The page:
Kick-off meetings were scheduled with the care coordination manager, back-office manager and MAs to advise them of the shift, followed by weekly huddles with the provider pods to review what was working and identify areas for improvement. Turner said these eventually shifted to monthly huddles once a workflow was established.

    With familiarity among the providers came development of standing orders for each provider, based on preferences, as well as chart prep criteria.

    As each pod developed those pieces of the work, the care coordination department was able to be centralized in a single physical area of each facility to share best practices and learn from each other. “There’s a lot of teamwork being established,” Turner said. Even if they may work in different pods, “they’re still there to help each other out when needed.”

    Challenges and benefits

    According to Turner, dedicating team members to tasks related to documentation and the EHR allowed care coordinators to focus on leveraging the EHR portal to communicate with patients, as well as collaborate with payers and third-party case managers; for example, arranging Meals on Wheels or transportation. “Ultimately that’s empowering the patients to have more control over their care, because there’s someone there to help them along the way,” Turner said.

    While there was a clear benefit to patients, the group still faced internal challenges, Turner said. “Not everything was rainbows and glitter,” she said. Lack of standardization occurred as some pods created their own specific processes, which caused confusion at times.

    One key challenge in implementing care coordination is finding the right MAs who are willing to work behind the scenes rather than face-to-face. “Medical assistants, they want to be on the floor … they want to be running and they want to see that they’re making a difference in a patient’s life,” Turner said. Finding the right personality for that role — behind a desk and not directly working with patients — can be difficult.

    Turner also noted that clearly communicating changes and refinements of processes throughout implementation is essential for the remainder of the office staff, as well as delineating roles and responsibilities as they are updated.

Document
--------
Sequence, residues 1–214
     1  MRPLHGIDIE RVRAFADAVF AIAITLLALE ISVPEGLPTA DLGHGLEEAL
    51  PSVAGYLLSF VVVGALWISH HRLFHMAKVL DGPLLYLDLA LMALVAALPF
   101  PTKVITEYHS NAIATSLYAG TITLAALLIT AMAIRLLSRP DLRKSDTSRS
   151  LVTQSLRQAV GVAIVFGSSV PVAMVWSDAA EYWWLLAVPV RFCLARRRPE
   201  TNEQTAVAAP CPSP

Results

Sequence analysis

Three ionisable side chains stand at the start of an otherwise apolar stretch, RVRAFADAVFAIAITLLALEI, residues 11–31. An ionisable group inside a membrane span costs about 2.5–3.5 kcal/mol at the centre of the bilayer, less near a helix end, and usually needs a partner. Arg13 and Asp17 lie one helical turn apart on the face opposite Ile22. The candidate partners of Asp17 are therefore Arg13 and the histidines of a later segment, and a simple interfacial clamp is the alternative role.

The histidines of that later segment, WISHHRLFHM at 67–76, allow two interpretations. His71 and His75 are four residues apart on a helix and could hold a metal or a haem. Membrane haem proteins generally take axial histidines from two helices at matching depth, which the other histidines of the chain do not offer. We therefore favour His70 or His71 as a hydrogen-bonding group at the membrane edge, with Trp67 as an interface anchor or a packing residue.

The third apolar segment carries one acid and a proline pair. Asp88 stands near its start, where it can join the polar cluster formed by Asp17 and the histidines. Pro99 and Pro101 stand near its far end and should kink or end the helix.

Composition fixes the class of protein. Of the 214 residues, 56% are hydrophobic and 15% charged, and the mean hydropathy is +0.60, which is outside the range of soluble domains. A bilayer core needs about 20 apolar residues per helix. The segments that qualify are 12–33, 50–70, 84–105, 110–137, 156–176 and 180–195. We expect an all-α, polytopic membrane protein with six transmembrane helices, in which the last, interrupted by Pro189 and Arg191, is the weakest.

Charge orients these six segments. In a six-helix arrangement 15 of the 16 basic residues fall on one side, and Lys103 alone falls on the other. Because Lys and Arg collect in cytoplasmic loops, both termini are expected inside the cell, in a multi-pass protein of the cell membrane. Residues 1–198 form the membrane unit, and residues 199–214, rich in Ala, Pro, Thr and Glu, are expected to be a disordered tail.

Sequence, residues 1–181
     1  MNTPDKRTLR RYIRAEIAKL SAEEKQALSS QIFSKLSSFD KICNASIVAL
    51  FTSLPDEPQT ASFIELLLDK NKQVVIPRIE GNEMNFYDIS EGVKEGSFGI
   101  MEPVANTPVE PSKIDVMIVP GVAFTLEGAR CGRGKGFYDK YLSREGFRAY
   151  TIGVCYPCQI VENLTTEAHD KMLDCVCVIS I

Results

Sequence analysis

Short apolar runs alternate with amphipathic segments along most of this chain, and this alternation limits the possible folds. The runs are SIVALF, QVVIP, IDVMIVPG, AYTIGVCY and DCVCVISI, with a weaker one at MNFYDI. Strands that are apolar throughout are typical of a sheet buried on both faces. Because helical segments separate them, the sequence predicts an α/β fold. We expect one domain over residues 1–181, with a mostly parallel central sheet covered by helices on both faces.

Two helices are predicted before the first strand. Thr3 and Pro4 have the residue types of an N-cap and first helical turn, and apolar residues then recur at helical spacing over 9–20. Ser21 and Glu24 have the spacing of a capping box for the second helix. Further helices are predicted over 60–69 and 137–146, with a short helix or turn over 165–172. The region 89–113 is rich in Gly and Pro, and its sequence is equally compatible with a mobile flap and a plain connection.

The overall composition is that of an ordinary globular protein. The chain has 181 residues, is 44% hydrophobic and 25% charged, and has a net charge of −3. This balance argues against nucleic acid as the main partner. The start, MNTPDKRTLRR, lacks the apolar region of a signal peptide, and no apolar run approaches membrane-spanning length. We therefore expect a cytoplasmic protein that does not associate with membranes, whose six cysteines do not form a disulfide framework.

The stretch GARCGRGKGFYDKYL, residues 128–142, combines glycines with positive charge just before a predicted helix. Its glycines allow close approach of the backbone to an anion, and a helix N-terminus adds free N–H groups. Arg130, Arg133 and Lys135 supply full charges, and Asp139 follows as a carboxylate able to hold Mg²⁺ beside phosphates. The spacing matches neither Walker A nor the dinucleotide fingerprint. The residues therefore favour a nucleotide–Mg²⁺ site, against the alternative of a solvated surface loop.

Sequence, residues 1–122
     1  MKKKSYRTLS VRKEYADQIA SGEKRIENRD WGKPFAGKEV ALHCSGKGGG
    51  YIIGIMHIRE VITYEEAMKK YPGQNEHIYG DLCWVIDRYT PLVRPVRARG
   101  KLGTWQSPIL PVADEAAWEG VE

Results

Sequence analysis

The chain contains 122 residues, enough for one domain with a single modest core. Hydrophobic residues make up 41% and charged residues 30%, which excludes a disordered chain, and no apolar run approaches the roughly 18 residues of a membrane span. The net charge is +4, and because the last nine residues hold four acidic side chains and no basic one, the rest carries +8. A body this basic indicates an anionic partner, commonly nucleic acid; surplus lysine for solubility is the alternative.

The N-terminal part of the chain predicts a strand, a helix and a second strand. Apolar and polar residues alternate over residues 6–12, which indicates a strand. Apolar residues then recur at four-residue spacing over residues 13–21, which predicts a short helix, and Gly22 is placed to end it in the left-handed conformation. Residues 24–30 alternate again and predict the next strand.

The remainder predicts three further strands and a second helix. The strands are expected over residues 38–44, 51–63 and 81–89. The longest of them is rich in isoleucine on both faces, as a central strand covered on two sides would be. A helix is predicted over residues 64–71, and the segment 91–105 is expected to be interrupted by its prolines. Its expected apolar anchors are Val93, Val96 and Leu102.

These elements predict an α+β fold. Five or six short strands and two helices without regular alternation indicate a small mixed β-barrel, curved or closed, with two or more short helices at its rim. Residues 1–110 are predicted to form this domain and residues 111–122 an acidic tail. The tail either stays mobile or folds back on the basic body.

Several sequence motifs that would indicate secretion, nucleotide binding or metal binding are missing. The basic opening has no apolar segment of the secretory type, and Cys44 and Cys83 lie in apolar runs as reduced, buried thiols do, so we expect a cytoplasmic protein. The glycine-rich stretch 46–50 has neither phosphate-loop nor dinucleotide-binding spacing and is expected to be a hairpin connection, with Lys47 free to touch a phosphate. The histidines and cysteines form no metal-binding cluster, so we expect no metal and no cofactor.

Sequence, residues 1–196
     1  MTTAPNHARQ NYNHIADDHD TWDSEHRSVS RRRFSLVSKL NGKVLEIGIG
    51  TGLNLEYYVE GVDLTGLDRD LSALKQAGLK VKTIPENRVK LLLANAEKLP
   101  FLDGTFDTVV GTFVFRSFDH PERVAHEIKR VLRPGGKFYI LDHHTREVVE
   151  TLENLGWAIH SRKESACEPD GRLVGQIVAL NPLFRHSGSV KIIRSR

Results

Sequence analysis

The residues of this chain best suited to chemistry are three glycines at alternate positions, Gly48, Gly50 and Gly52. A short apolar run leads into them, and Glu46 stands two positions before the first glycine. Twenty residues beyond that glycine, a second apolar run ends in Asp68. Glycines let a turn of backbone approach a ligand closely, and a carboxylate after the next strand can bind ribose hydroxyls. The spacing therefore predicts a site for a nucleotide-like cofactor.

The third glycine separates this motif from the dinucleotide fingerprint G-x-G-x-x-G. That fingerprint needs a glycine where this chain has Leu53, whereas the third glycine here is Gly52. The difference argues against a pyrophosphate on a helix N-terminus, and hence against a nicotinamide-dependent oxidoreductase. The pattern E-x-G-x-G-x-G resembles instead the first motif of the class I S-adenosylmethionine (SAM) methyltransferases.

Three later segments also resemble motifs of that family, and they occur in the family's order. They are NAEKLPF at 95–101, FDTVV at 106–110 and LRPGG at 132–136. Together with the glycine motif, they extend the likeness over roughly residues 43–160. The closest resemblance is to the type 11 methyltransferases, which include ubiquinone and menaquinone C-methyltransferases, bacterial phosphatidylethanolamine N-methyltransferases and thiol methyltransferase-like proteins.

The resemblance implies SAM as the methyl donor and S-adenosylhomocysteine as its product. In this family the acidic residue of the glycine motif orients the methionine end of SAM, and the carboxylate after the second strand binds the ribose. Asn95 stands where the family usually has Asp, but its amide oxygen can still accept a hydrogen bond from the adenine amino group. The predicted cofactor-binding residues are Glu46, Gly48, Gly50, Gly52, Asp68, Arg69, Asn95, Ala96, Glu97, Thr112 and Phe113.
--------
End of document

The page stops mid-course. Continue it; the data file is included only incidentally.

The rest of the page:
The inherent challenge of any change in a medical group such as this is securing the willingness of employees to embrace the change. In the first year, MA turnover rose 11.5% amid the shift to care coordination. However, the following year saw the MA turnover rate fall to 61% of the original rate as employees became comfortable with the new staffing models.

    The results

    Making these changes budget neutral meant bringing in additional revenue for the added FTE staff, Vasko said. At first that meant five CCMAs, but a sixth was added shortly thereafter. In terms of FTEs per internal medicine providers, Thunderbird grew from 5.2 to 6.4 in the first year.

    To that end, Vasko said that using G codes to bill for additional depression and alcohol screenings helped quadruple those revenues in the first year: From $49,178 to $213,424 for depression screenings and $33,564 to $212,569 for alcohol screenings.

    Other areas where revenue increased in the first year included:

    • Annual health assessment form revenue grew from $259,201 to $343,300.
    • Hierarchical Conditional Categories recapture forms revenue grew from $181,995 to $227,700.

    These areas of growth in both patient volume — the number of encounters by FTE primary care physicians grew by 5.6% in the first year — and quality metrics reporting resulted in a rise in profit-per-encounter average of $1.60 in a single year.

    The changes also created numerous clinical improvements. Documented flu vaccinations grew by 43.4% in a year. In terms of patients’ A1c control:

    • Patients with an A1c under 7.0 rose from 74% to 80%.
    • Patients with a 7.1 to 7.5 A1c decreased from 12% to 8%.
    • Patients with an A1c 7.6 or higher fell from 14% to 12%.

    Next steps

    With a year and a half of this new model in place, Thunderbird had one care coordinator in place for every two doctors.

    “We do have providers who are going to be ramping up their volume … that’s why we need to grow the department, because we’re going to have more providers that are going to be onboarded,” Turner said. Scaling the work means that Thunderbird ultimately intends to have a single care coordinator for each provider, but not until the volume merits it, according to Vasko.

    Chris Harrop

    Written By

    Chris Harrop

    A veteran journalist, Chris Harrop serves as managing editor of MGMA Connection magazine, MGMA Insights newsletter, MGMA Stat and several other publications across MGMA. Email him.